Note: In the last 30 minutes of trading, the DJIA recovered somewhat, to close at 33,962, or 716 points down.
A sort of panic has set in. As I write this (about 2:20 PM CDT), the DJIA has plunged 900 points.
But that's not even 3 percent. So it's not as extreme as it sounds.
In my opinion, markets had gotten ahead of themselves. Prices were too high. But economic indicators have continued showing signs of growth. The Shiller PE ratio is at 37; not an all-time high, but still very high.
While inflation is a concern, investors had that albatross for several months.
Investor (retail) sentiment was at an all-time high. According to some theories, when retail investors get this giddy, it's a sign the market may reverse direction. (In fact, most retail investors are still buying at market highs, and selling at market lows, according to most studies).
The energy markets have been beaten down in the last few days. Oil (WTI) futures are down about $10 a barrel in the last five days. Over the weekend, OPEC announced production increases for next year. This added the fall in prices today, another $4 per barrel. Overall, the sector is down some 17% since its peak in mid-June.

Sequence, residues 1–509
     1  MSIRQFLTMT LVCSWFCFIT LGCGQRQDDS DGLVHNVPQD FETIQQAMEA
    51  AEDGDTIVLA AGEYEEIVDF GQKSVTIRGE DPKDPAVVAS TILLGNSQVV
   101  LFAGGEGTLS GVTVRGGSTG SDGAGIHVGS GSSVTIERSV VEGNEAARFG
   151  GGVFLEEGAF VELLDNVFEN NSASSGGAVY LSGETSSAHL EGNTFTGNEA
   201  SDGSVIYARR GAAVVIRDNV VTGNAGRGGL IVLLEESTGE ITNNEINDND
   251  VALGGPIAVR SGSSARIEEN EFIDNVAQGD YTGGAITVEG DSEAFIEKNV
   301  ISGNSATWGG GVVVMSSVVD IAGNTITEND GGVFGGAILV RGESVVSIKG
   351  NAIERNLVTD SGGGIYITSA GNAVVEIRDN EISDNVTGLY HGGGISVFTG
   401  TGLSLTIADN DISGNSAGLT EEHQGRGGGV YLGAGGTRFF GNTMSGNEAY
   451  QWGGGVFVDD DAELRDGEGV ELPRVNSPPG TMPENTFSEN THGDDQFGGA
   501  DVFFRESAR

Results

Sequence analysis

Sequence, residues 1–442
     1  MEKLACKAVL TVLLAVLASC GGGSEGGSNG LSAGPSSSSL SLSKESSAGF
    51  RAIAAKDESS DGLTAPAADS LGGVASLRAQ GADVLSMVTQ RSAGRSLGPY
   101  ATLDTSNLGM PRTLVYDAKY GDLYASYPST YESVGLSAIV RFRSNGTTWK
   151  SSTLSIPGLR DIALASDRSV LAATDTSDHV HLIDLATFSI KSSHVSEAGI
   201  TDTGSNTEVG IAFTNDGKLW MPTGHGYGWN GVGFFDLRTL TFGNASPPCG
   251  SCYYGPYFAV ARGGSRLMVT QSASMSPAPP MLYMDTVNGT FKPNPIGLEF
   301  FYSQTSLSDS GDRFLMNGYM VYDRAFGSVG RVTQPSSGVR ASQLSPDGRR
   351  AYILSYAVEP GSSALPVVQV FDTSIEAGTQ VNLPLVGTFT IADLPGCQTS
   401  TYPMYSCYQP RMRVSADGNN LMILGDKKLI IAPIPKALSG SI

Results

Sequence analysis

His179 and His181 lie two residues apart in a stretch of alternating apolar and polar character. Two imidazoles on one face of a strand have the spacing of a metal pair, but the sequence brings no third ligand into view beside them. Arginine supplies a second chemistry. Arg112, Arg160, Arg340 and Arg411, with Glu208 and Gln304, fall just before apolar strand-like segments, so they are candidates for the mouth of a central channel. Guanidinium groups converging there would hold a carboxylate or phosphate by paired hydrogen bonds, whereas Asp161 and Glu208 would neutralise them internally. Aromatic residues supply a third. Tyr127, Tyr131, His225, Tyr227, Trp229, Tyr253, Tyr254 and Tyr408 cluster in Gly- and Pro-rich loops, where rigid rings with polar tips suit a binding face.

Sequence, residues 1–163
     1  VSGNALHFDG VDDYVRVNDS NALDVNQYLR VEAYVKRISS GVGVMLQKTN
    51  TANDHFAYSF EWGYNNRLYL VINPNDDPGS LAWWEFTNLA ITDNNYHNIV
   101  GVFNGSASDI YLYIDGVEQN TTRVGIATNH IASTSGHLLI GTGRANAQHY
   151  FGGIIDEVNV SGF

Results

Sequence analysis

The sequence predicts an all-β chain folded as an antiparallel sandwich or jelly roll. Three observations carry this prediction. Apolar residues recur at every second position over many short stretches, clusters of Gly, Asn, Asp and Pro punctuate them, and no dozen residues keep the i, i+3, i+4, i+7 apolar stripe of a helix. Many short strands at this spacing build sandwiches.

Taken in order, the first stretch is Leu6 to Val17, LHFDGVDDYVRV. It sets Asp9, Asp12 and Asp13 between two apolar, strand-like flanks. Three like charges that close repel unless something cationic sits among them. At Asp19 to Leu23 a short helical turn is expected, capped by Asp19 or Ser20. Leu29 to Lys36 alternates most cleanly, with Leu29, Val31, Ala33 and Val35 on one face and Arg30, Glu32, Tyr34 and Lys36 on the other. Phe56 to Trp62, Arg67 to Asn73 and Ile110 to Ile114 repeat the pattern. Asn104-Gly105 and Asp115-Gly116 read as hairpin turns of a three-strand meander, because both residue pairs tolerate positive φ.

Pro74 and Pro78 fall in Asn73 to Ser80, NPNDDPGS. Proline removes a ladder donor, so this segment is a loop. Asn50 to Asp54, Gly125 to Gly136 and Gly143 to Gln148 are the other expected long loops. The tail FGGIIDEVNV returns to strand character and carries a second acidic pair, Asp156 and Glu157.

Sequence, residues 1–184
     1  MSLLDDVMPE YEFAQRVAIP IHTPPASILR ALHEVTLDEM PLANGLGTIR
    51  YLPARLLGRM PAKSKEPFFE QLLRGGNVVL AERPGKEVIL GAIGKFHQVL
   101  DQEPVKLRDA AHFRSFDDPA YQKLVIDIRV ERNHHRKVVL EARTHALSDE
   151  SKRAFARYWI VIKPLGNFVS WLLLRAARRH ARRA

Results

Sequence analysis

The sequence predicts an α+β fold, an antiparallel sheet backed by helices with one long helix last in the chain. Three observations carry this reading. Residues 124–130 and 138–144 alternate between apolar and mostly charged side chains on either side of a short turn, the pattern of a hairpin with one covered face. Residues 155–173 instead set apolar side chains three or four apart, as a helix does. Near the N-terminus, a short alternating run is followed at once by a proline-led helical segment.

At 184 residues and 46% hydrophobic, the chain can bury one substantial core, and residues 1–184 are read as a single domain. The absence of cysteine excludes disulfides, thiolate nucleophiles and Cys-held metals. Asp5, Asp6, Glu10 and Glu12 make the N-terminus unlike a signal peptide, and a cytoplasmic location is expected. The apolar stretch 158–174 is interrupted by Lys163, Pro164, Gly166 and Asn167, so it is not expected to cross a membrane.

Some in the media pinned the decline on Covid fears. Some in the media always try to find a reason, but the truth is simply there is more selling than buying.
But the overall market is only down about 3% from it's all-time highs last week. Some market "experts" are calling for a 10 to 20 percent correction, and while that may be true, it may also not be true. This is the second time that the market has dipped since April. I think it's part of the natural process.
The chart above shows a daily graph of the DJIA since April. Note that while a 800+ dip in the average seems extreme, on the overall picture it's barely a small blip.
More noteworthy for long-term investors is the weekly action of the markets. The chart below is the weekly average of the DJIA since the beginning of 2017. Long-term investors should not panic and stay invested. I assume you have a three to five year plan, with an exit plan built in. If so, there is no reason to change path. If you have some extra cash, look for buying opportunities. But if the trend reverses, have an exit plan.